The Earth’s gravity revealed


After just two years in orbit, ESA’s GOCE satellite has gathered enough data to map Earth’s gravity with unrivalled precision. Scientists now have access to the most accurate model of the ‘geoid’ ever produced to further our understanding of how Earth works.

The new geoid was unveiled today at the Fourth International GOCE User Workshop hosted at the Technische Universität München in Munich, Germany. Media representatives and scientists from around the world have been treated to the best view yet of global gravity.

The geoid is the surface of an ideal global ocean in the absence of tides and currents, shaped only by gravity. It is a crucial reference for measuring ocean circulation, sea-level change and ice dynamics – all affected by climate change.

Prof. Reiner Rummel, former Head of the Institute for Astronomical and Physical Geodesy at the Technische Universität München, said, “We see a continuous stream of excellent GOCE gradiometry data coming in. With each new two-month cycle, our GOCE gravity field model is getting better and better.  

Understanding ocean circulation
To understand ocean circulation

“Now the time has come to use GOCE data for science and applications. I am particularly excited about the first oceanographic results.

“They show that GOCE will give us dynamic topography and circulation patterns of the oceans with unprecedented quality and resolution. I am confident that these results will help improve our understanding of the dynamics of world oceans.”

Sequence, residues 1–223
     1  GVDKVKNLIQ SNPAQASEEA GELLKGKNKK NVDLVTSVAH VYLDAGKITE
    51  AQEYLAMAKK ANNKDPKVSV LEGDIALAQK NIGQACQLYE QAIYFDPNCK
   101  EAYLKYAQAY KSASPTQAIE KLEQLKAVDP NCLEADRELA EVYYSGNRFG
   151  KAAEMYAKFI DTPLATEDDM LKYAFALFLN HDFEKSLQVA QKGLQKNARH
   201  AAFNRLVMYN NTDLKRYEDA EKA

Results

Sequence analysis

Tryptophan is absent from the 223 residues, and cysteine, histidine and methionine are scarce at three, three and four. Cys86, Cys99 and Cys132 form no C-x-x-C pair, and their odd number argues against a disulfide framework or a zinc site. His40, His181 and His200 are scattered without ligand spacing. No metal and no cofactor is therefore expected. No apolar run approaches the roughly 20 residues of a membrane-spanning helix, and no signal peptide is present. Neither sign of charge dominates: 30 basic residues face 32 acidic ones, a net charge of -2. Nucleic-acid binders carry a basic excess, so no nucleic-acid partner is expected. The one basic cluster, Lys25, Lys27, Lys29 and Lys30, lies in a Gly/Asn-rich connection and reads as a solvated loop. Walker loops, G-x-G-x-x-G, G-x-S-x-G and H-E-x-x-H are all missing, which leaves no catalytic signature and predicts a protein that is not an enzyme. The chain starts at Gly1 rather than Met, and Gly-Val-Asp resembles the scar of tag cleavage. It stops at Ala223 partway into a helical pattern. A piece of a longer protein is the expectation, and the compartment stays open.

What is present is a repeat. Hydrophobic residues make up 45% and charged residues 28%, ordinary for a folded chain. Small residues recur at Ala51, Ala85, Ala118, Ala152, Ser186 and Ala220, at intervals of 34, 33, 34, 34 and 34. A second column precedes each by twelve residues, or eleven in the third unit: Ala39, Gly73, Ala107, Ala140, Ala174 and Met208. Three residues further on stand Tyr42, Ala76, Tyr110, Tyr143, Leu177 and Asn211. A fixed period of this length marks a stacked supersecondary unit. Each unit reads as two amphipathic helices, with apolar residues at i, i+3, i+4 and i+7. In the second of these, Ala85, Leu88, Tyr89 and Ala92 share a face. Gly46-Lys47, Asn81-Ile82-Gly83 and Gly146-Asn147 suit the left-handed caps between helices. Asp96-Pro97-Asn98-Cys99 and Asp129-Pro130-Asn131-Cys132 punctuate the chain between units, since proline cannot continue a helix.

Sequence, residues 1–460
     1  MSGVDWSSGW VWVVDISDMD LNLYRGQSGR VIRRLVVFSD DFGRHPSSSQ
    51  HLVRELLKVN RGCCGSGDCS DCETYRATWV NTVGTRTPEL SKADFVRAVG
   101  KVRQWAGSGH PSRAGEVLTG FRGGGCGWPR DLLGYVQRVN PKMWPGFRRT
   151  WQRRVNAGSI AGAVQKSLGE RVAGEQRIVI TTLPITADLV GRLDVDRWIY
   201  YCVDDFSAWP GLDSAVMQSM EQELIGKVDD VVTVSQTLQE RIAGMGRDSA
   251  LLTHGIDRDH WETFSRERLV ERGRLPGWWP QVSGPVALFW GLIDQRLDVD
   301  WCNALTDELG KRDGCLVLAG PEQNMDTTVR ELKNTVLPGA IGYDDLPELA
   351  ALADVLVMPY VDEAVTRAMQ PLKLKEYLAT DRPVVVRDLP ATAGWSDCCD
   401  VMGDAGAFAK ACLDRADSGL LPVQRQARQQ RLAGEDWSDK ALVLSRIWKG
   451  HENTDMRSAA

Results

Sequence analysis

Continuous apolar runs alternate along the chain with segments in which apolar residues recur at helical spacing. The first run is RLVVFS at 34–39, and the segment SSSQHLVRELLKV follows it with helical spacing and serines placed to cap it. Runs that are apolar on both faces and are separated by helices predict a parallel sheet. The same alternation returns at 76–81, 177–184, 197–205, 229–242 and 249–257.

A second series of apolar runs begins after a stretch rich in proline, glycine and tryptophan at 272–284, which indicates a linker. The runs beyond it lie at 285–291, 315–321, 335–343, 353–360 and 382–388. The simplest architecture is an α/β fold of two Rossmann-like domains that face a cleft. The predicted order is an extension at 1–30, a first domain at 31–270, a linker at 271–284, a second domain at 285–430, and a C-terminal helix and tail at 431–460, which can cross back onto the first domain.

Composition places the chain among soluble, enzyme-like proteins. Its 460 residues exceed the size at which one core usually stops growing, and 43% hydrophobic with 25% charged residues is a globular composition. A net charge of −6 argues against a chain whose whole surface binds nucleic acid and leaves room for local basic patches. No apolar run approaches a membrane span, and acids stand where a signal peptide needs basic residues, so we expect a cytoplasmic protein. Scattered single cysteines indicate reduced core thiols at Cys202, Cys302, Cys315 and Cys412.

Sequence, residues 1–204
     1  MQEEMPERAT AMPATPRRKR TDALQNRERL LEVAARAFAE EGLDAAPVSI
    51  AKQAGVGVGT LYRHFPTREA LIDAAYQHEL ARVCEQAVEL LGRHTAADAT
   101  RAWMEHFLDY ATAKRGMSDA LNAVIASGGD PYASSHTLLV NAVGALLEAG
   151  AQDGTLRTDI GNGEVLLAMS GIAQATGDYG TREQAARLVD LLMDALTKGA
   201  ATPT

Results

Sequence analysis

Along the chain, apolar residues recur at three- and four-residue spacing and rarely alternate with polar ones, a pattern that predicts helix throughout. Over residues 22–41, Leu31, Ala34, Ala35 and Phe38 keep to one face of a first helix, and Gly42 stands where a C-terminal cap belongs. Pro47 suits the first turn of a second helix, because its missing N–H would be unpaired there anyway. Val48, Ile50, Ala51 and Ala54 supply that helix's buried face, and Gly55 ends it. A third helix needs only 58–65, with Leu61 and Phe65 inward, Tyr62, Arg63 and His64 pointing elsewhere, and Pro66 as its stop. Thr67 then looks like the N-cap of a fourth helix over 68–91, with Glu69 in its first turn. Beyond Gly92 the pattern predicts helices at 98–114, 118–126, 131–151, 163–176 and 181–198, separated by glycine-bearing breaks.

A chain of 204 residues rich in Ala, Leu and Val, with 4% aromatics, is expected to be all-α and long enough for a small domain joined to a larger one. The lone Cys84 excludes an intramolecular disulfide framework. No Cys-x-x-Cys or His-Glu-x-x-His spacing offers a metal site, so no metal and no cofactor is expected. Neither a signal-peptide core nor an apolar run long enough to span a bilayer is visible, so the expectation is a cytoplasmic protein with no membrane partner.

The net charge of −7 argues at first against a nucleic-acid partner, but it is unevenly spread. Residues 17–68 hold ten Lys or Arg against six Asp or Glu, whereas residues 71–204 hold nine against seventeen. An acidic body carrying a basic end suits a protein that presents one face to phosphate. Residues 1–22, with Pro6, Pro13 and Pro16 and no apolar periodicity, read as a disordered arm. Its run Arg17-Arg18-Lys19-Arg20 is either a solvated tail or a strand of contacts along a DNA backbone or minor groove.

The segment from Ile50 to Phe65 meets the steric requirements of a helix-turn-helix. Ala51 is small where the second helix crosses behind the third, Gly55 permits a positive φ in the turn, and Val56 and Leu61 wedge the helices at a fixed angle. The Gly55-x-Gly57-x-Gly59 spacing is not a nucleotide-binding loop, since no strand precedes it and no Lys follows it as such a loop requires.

The two-day workshop provides the science community with the latest information on the performance of the satellite and details about data products and user services.

New GOCE geoid
New GOCE geoid

Participants are also discussing how the GOCE geoid will make advances in ocean and climate studies, and improve our understanding of Earth’s internal structure.

For example, the gravity data from GOCE are helping to develop a deeper knowledge of the processes that cause earthquakes, such as the event that recently devastated Japan.

Since this earthquake was caused by tectonic plate movement under the ocean, the motion cannot be observed directly from space. However, earthquakes create signatures in gravity data, which could be used to understand the processes leading to these natural disasters and ultimately help to predict them.

The GOCE satellite was launched in March 2009 and has now collected more than 12-months of gravity data.

GOCE in orbit
GOCE in orbit

Volker Liebig, Director of ESA’s Earth Observation Programmes said, “Benefiting from a period of exceptional low solar activity, GOCE has been able to stay in low orbit and achieve coverage six weeks ahead of schedule.

“This also means that we still have fuel to continue measuring gravity until the end of 2012, thereby doubling the life of the mission and adding even more precision to the GOCE geoid.”

GOCE has achieved many firsts in Earth observation. Its gradiometer – six highly sensitive accelerometers measuring gravity in 3D – is the first in space.

It orbits at the lowest altitude of any observation satellite to gather the best data on Earth’s gravity. The design of this sleek one-tonne satellite is unique.